What are the advantages and disadvantages of licensing?

The advantages of licensing include: (1) It produces passive income. (2) It is an opportunity for your business to grow. (3) It is an avenue to reach markets outside your state. (4) It allows you to experience self-employment. Unfortunately, there are also licensing disadvantages, which are the following: (1) An intellectual property can be a prospect for theft. (2) Income is not a guarantee. (3) It may take some time to receive royalties. (4) Licensing only lasts for at least ten years.

How does a licensor receive royalty payments?

Royalties depend on what kind of property a licensor has. Fees on items like books, music, and patents will depend on how many units will sell. Payments for mineral, gas, and oil depend on the amount of volume that sells. An example is the U.S. Copyright Office collecting royalty fees from importers, manufacturers, satellite carriers, and cable operators for public licenses.

To register a logo under the care of the USPTO, you can use the Trademark Electronic Application System (TEAS). You can upload your photo by making use of a .jpg file. Usually, a logo can have a black and white trademark color that will allow you to select other colors later on. The application system will provide a space for you to write the exact words your logo should have. Additionally, payment for filing a trademark ranges from $275-$325. However, the corresponding fees are subject to change.

The U.S. Copyright Office has accessible copyright information available for searching. Transfers, renewals, and registrations of ownership done before the year 1978 has to be manually searched in their office. Office staff members will do a search of records upon request for a fee. If you don’t want to pay for a fee, you are allowed to search the records for yourself.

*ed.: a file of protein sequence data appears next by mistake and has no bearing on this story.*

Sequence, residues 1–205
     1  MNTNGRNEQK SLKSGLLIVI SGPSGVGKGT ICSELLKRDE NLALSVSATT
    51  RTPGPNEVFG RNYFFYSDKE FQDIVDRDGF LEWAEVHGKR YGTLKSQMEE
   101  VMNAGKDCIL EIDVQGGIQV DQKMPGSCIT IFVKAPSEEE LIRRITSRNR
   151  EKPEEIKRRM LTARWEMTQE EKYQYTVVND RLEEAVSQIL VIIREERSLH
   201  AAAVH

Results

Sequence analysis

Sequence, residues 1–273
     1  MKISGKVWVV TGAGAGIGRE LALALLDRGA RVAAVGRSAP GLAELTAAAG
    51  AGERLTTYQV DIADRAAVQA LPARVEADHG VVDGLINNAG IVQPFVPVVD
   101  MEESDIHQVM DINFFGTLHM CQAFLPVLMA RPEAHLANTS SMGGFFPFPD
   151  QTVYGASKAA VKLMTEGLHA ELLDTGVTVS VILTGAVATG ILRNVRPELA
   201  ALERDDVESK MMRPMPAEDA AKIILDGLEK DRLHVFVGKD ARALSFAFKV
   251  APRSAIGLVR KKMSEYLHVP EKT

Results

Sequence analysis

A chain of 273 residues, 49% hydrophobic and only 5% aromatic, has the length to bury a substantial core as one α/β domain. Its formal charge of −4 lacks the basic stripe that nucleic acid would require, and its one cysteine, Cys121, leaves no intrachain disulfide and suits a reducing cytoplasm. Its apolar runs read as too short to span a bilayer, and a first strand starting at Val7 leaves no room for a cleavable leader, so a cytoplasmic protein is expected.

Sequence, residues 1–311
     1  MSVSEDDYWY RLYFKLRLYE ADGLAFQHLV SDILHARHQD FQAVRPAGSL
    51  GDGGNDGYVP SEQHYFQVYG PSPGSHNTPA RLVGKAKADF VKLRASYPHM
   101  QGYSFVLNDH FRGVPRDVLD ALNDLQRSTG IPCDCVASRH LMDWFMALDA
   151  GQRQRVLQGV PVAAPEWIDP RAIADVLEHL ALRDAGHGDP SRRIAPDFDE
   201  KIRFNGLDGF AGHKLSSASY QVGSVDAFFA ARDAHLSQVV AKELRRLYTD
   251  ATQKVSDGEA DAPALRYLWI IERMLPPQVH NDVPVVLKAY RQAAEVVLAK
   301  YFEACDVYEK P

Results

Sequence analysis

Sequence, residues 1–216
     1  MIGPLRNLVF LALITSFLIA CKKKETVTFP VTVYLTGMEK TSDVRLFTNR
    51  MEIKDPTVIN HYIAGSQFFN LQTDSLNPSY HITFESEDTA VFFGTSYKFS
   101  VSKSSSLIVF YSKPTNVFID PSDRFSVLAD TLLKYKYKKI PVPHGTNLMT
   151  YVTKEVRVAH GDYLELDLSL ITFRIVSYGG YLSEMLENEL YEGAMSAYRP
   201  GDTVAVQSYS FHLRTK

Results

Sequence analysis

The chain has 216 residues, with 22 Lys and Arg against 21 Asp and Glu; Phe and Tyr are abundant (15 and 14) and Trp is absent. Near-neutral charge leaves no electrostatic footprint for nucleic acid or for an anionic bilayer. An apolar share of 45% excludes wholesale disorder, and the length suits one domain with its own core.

A license agreement is a document mostly used for business. For a licensor, a license agreement is one way to make more profit by letting another do the work he/she couldn’t do for his/her invention. For a licensee, using this contract will be for his/her protection. It is not practical to use someone else’s property and get sued and forced to pay the licensor in the end. You might as well pay for fees legally. Moreover, businesses should be aware of intellectual property rights by searching for records in the USPTO. Entering into a license agreement with a licensor is one step to make a business flourish. As you’ve seen in our example earlier, Nestle took advantage of this agreement without thinking much about the royalties they pay to Starbucks. They did it to improve their brand name, and as you may have observed, Nestle is still on top of the food processing industry.